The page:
Being a freelancer means you are your own boss. You can set your own schedule and work at your own pace. Even the amount of work that you take on is up to you. However, when it comes to setting up your finances around your new job, things aren’t as simple. Whether you are considering business loans or you want to use your savings to get started, you need to know just how money works for freelancers.
What is Your Cost of Living?
Business loans can make the transition to freelance work easier but you still need some idea of what it costs to live. Add up all of your monthly bills. This includes your mortgage, your car payment and even your utilities. These are things that you probably can’t live without.
Once you have a roof over your head and electricity, you still need money for food, clothing and gas. Entertainment expenses should also be included, but remember that this is a category of spending that may have to go if you aren’t making enough money.
Remember that medical insurance isn’t usually offered in freelance positions. Because you are an independent contractor, you are not a full time employee for any company. This means no medical benefits, no retirement fund and no special savings plans. These expenses and investments will need to come straight out of your pocket.
The total of all of these things added together is the amount of money that you will need to come up with each month to make sure that you are taken care of. Business loans make this transition easier as they make up for the lack of income as you get things started. At some point, you will need to be able to support yourself and make enough money to begin to pay the loan back.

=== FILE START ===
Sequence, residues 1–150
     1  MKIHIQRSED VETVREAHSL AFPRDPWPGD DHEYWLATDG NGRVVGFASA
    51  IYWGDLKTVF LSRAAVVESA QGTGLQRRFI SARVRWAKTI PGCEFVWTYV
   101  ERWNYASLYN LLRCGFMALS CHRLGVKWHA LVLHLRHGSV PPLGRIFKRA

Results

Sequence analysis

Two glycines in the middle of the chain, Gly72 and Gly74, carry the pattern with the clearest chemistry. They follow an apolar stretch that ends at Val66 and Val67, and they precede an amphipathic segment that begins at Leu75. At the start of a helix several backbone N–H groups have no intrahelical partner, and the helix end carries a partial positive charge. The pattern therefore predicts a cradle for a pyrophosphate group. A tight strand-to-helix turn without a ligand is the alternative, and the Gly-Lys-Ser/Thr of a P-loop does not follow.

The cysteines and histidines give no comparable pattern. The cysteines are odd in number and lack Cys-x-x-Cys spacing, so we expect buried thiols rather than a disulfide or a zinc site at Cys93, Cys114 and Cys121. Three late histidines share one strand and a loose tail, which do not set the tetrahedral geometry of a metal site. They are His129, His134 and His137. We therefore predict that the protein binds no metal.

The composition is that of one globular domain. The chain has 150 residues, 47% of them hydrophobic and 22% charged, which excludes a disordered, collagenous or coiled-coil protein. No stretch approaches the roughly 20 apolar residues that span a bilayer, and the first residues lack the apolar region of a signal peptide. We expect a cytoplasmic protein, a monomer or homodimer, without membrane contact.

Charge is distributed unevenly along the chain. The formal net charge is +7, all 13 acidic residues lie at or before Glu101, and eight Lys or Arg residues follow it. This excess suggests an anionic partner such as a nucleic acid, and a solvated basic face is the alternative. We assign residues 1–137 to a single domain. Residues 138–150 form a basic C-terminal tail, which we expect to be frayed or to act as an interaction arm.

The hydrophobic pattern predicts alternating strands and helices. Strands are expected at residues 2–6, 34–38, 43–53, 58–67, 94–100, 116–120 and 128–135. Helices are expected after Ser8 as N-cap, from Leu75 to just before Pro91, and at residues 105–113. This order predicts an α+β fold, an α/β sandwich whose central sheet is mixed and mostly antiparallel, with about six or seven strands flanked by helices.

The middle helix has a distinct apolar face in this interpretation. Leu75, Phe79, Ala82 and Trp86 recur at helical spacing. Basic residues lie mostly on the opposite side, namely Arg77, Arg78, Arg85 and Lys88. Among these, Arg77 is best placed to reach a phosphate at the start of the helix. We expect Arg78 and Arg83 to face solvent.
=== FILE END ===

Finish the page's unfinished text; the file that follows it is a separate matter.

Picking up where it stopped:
How Do You Handle the Ups and Downs of Income?
Consistent income isn’t always a possibility in freelance work. You can end up having a sizable income one month and not being able to pay the bills the next. While your goal is to find work that is consistent, with steady pay, this isn’t always a possibility. You have to plan for the good and bad months.
When extra money comes in, move it straight to the savings account. You will be tempted to spend it and celebrate your success. Celebrate in moderation. The next month, things could take a turn for the worst. For the first few years, your savings account could end up being a lifesaver.
As slow months approach, you have the savings account to fall back on. You always need to have a safety net when it comes to freelance work. A solid savings account could be the difference between staying in business for yourself or going back into the traditional workforce. Even if you weren’t planning on looking into business loans, that type of back up money can be helpful in the beginning.
This post has been provided by a guest blogger.